Courtesy of industry thinker Jeffrey D. Roark comes this contribution to understanding some of the differences between power produced in “regulated” and “deregulated” states. Click on the image to see a larger version. Charts were developed using the EIA data cited in the image.
Roark draws attention to two points: first, that the deregulated states rely much more heavily on gas relative to the regulated states, and second, that deregulated states are net energy importers as a group.
I would guess gas is big in deregulated states in part because the post-restructuring boom in generator construction coincided with a period of relatively low gas prices. Just a guess. Actually, to expand and emphasize Roark’s first point, the deregulated states feature a higher relative use of generation in nearly every category except coal. Coal is “huge” in the regulated states, and merely “big” in the the deregulated states.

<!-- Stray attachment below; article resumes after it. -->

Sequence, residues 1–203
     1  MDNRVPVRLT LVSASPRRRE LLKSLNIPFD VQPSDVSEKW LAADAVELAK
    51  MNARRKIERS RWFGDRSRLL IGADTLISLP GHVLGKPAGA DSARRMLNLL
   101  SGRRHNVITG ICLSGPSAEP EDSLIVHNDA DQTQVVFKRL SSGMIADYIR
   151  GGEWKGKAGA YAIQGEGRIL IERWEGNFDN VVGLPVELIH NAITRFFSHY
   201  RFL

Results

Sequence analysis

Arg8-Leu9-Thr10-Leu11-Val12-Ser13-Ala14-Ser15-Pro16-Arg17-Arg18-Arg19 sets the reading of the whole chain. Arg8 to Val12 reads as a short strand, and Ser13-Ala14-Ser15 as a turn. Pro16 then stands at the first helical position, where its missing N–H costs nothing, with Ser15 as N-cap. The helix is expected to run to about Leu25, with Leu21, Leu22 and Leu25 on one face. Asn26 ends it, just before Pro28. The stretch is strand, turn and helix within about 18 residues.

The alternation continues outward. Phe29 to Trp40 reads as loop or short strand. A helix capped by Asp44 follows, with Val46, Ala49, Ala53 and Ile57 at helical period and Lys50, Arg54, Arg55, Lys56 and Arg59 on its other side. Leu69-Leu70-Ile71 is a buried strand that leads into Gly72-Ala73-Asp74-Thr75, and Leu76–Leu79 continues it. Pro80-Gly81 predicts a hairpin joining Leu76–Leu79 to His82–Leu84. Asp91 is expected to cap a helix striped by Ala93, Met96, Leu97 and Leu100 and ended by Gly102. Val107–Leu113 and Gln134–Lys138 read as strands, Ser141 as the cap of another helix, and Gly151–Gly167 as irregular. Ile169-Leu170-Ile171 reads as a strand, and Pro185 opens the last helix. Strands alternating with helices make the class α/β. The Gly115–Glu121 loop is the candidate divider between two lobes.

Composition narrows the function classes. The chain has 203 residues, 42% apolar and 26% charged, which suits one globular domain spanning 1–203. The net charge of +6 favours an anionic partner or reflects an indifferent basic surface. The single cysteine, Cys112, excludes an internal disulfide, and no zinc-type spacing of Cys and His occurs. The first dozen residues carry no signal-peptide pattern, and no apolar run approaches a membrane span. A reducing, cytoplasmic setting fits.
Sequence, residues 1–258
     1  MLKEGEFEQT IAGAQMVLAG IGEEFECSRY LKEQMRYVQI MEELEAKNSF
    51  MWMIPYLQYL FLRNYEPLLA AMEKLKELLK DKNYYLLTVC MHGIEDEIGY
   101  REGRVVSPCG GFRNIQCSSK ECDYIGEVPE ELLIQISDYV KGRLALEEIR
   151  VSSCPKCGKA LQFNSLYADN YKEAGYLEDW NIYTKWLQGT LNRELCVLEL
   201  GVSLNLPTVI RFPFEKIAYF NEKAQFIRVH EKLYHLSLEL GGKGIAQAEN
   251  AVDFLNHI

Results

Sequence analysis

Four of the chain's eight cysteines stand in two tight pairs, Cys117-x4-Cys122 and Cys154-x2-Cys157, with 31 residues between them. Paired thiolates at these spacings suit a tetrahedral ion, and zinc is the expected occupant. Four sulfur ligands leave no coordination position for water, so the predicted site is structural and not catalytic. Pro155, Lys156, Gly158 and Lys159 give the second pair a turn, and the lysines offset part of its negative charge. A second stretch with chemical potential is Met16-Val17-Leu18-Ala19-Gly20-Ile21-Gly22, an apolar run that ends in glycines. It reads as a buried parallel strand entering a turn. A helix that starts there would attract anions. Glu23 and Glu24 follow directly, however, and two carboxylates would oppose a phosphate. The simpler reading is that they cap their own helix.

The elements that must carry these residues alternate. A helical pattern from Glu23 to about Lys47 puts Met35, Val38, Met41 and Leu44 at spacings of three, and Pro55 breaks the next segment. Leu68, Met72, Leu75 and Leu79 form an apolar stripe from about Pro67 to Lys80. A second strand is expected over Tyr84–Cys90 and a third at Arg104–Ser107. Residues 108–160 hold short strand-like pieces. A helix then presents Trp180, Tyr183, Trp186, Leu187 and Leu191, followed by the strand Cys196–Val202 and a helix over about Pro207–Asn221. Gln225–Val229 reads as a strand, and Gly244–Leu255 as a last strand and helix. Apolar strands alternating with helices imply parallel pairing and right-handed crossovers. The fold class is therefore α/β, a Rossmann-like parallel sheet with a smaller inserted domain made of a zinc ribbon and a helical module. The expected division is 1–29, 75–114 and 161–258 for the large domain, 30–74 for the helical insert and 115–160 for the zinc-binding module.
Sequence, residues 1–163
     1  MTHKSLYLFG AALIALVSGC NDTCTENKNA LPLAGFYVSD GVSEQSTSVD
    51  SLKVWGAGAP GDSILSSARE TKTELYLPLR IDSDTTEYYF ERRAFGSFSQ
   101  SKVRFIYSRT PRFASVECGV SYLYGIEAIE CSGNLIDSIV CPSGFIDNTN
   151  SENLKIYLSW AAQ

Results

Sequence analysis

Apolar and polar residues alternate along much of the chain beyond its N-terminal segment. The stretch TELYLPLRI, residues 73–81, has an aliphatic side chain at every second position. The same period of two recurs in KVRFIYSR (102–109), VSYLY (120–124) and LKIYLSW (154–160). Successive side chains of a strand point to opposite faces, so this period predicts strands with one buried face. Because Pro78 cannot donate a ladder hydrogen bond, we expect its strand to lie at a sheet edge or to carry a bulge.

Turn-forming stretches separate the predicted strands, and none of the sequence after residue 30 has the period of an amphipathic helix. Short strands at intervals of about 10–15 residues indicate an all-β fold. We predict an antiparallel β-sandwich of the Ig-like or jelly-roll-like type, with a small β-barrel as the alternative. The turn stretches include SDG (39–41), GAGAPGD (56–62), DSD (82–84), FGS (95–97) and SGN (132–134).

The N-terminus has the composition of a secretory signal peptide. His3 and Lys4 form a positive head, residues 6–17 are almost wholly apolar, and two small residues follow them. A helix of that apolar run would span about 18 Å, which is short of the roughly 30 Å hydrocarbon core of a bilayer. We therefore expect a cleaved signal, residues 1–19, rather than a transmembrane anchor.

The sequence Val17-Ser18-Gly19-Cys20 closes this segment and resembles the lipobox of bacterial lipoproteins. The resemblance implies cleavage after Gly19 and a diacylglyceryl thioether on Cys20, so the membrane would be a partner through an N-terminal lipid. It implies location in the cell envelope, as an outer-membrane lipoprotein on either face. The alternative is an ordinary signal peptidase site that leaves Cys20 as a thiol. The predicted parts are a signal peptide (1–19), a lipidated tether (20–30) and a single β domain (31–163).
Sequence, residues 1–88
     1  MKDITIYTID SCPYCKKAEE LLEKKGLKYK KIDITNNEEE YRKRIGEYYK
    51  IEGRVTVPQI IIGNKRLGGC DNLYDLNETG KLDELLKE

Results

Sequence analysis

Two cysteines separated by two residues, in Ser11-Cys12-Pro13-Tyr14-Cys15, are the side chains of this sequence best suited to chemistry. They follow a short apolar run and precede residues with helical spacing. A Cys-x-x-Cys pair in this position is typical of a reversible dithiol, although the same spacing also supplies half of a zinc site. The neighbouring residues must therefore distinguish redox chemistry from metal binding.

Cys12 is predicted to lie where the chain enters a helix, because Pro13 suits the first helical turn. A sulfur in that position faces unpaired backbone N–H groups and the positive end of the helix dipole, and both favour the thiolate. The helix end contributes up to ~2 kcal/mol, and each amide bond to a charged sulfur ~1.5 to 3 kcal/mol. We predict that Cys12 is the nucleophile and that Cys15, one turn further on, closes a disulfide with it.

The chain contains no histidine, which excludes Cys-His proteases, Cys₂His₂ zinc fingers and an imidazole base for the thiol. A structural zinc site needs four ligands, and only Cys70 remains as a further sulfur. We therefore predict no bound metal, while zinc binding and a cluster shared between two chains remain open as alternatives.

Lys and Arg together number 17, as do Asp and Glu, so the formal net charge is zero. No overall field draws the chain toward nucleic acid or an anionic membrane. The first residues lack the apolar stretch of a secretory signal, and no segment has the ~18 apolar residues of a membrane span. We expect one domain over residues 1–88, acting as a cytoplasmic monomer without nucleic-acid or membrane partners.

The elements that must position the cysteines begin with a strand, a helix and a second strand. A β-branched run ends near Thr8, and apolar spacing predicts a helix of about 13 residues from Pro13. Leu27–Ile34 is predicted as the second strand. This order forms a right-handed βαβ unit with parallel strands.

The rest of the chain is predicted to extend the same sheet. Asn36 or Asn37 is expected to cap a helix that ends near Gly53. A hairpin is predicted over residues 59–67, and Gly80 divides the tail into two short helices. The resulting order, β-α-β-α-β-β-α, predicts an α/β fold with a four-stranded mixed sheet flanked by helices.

I wonder if “Power in the Public Interest” has looked at emissions per MWh in regulated and deregulated states?
On the second point, I would speculate that it is related to a broader issue. The states that chose to restructure their electric power industry regulations were predominantly higher-cost states. These states were probably net energy importers even before they restructured. Before reading too much into the fact that the deregulated states are net energy importers, I’d want to look at the trend over the last twenty years or so.